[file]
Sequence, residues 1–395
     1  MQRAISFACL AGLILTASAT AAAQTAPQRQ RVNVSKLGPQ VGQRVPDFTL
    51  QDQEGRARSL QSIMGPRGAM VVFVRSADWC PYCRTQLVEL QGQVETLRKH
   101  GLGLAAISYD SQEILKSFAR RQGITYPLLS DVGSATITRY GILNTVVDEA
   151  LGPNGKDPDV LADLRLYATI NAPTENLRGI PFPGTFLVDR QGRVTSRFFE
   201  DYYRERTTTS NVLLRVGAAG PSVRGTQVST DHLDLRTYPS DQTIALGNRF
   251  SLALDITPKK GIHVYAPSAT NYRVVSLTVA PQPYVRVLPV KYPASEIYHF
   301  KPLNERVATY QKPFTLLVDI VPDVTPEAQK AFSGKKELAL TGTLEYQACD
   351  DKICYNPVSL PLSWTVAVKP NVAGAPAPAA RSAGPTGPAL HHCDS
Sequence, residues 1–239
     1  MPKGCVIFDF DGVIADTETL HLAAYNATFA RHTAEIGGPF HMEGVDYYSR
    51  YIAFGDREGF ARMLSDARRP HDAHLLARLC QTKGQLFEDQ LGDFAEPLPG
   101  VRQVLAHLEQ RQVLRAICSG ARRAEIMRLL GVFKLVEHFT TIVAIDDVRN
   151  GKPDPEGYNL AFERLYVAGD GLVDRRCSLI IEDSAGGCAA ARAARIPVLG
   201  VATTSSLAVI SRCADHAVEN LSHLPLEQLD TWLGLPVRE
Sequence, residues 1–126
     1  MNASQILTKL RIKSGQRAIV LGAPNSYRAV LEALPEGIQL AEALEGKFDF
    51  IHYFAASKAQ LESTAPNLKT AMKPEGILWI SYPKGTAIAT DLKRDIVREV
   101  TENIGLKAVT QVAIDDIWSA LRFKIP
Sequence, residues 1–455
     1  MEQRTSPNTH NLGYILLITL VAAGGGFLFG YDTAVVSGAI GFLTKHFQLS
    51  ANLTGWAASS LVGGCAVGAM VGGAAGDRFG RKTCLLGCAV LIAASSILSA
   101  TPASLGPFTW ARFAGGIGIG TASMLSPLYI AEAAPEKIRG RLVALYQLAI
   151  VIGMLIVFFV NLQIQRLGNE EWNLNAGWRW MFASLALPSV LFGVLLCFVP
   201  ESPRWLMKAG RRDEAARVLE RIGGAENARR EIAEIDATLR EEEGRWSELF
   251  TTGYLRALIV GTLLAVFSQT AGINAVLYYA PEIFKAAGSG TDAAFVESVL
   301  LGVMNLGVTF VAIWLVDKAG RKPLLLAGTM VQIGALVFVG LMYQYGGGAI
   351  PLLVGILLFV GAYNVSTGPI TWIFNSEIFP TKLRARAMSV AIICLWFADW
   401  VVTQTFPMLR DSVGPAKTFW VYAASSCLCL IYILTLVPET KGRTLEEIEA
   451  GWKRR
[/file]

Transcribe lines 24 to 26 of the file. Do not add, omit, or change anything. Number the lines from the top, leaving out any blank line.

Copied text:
   151  VIGMLIVFFV NLQIQRLGNE EWNLNAGWRW MFASLALPSV LFGVLLCFVP
   201  ESPRWLMKAG RRDEAARVLE RIGGAENARR EIAEIDATLR EEEGRWSELF
   251  TTGYLRALIV GTLLAVFSQT AGINAVLYYA PEIFKAAGSG TDAAFVESVL